Engage! gives us the descriptions of the different social and digital media platforms that exist as well as how to effectively use them. The book goes into detail about how to choose the best platforms; how to optimize your content, sites, and tools to get the best results; and engage with your customers and potential customers.

Evaluation: As someone who is pretty uninitiated to the whole New Media realm (I have personal Facebook, Google+, and Twitter accounts and have recently gotten into Flickr), I found the book helpful and comprehensive, but a bit hard to follow at times. When you learn a new concept or way of doing something, you can feel like a linguistic outsider. I had to go back and reread some sections because Solis referred to concepts in later chapters that my mind hadn’t fully wrapped itself around yet on the first read. I also forgot what some acronyms stood for or what his new term meant. The Glossary and Index helped somewhat, but not for many of the acronyms.

This world of new media can also be overwhelming, as illustrated in this graphic that was used a marketing event for a company called Buddy Media.

For those of us not used to social media, this book, like the graphic above, initially made my head swim with all the new terms. It seemed like a completely different language. Like anything new, I’ll eventually “get” it, but it is going to take several trips back to the book before I feel comfortable incorporating much of what Solis advocates.

At times, I also felt like I was being preached at by an evangelist. I understand that social media is a new and necessary way of reaching our audiences. However, some of us have to take baby steps rather than jumping headlong into the deep end of pool. I had a client once who insisted he needed a blog to reach out to his employees and gather feedback from them. Against our recommendations, he got his blog. He posted to it and asked the employees to leave him feedback or ask questions. Being unfamiliar with this new way of interaction, they posted nothing, and he didn’t take it upon himself to write anything else for months. By leaving his blog idle, he lost all credibility.

Practical Application: For my client, Clark Taylor and AmericanVETradio, we have to start small. AmericanVETradio isn’t selling a standard product like a book or an airline trip; it is selling a service, an online radio network dedicated to bringing Veterans news and information in one easy, entertaining package. Clark’s goal is to provide information to American Veterans through a platform of online music and entertainment. Therefore, we‘re going to have to look at Solis’ Five Ws+H+E: Who, What, When, Where, How, and (particularly) To What Extent (Engage! pages 13-15) we want to engage with our audience. We need to understand which tools they are comfortable with that we can manage during our infancy. We want to ensure that what we start we will be able to sustain and build onto logically later.

Clark has talked about starting with a Twitter account and building from there. I think Twitter and Facebook might serve as the easiest and most fruitful paths to start down. With a Twitter feed, we can highlight stories coming up on the air and build a network of followers who can then retweet the updates to others. We can do similar posts on Facebook. I discovered another, somewhat similar, internet radio station, American Veterans Radio, which is slightly more than two years older than we are, but has only been on Facebook since last August. They don’t seem to have anything other than a Facebook account to support their station, and the site doesn’t seem to have a lot of interaction.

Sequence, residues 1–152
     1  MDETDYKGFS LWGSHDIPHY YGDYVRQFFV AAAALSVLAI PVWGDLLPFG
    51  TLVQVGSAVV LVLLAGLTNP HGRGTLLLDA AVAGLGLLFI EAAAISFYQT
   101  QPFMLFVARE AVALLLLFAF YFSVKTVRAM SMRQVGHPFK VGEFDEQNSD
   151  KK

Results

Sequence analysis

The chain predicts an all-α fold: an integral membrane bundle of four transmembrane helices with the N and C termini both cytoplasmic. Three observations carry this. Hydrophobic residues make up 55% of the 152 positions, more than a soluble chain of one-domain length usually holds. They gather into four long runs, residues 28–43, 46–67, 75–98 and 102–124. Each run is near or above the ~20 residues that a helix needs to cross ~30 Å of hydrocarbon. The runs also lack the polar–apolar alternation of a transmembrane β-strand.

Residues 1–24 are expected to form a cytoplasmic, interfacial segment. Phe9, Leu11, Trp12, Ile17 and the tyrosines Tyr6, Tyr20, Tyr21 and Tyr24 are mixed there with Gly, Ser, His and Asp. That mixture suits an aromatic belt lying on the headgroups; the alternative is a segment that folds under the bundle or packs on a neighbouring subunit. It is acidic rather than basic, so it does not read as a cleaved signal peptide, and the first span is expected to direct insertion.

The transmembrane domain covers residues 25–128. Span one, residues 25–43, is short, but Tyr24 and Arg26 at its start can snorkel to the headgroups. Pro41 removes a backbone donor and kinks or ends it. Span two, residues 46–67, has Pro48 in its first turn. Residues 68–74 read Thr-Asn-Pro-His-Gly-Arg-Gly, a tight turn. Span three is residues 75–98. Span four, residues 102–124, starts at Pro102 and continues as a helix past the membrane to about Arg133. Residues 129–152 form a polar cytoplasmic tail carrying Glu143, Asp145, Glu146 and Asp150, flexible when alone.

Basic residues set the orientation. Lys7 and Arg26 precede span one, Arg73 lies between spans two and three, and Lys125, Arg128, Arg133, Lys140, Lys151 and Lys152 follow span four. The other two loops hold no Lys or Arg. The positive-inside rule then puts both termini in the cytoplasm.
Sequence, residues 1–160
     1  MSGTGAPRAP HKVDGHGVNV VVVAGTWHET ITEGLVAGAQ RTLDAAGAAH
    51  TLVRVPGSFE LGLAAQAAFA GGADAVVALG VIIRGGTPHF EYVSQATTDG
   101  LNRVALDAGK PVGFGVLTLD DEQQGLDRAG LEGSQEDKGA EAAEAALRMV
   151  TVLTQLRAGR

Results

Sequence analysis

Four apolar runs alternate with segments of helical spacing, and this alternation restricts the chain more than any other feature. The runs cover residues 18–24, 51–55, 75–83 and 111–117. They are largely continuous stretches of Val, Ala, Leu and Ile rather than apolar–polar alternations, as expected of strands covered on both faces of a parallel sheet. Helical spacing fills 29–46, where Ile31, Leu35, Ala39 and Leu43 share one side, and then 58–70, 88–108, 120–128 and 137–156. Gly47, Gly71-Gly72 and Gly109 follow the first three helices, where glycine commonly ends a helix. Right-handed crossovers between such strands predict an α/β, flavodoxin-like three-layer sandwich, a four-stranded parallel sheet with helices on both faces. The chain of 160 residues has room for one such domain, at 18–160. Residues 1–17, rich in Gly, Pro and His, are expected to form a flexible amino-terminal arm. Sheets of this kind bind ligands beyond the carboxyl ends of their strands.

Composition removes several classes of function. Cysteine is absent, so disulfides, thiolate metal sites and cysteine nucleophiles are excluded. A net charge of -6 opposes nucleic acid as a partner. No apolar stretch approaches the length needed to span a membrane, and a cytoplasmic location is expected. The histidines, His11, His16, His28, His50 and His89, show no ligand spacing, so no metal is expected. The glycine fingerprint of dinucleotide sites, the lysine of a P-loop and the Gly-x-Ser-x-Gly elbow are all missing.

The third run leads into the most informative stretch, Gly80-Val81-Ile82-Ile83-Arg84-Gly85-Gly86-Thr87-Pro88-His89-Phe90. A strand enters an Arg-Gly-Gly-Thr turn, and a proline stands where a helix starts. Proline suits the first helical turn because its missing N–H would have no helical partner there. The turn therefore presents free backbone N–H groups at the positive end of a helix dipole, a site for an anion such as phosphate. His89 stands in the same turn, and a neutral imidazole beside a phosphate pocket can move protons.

Since we won’t have credibility up front, we will be able to use Facebook and Twitter feeds from organizations such as the departments of Veterans Affairs (VA) and Defense who will own the information we will be using. For example, the Associated Press is hosting a Twitter chat with the VA on May 30 about Veteran benefits. VA, through its Twitter account, @DeptVetAffairs, is asking people to tweet questions using #APVetChat. AmericanVETradio could do a story about VA benefits and the chat, and then tell people to go to Twitter to tweet their questions. Our Twitter feed could also retweet the info for our followers. Once we have built a core group of followers and have established some credibility, I think we can move toward other new media such as blogs. It all starts with baby steps and confidence. Steve Radick, an innovator in government social media, wrote a blog called “Two Things You Need to be Successful When Using Social Media.” He says you need loads of self-confidence and extreme self-awareness. I think we’re working to develop both.

This Blog is Dedicated to Helping Veterans

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Welcome to AmericanVETnews, a companion blog to the AmericanVETradio internet station. The upfront disclaimer is that I started this blog as part of my graduate coursework. You can find out more about that in the About link.

In 2007, when I became a Veteran, I realized how challenging it could be to try to understand and partake of the benefits I was entitled to. The Department of Veterans Affairs (VA) has more challenges than I want to get into here in this blog post. Suffice it to say that it can be incredibly difficult to navigate the VA system at times, even if it’s just information that you seek. If you have ever wandered around the VA website, you probably understand.

Clark Taylor also understands the information challenges Veterans have because he’s a Vietnam War Veteran and retired federal government employee. He started Soldiers Radio and Television (SRTV) in the early 1980s as a broadcast dissemination tool for the Army. This year, Clark is focusing his expertise on building an internet radio station just for Veterans, AmericanVETradio. At this writing, the station is in its infancy. I would love to help Clark make it as successful as SRTV.

Another disclaimer–I am one of Clark’s former SRTV Soldiers and success stories. I hope this blog helps me show him how much I appreciate his dedication to me when I was a young Soldier and allows me to help my fellow Veterans get the information they need.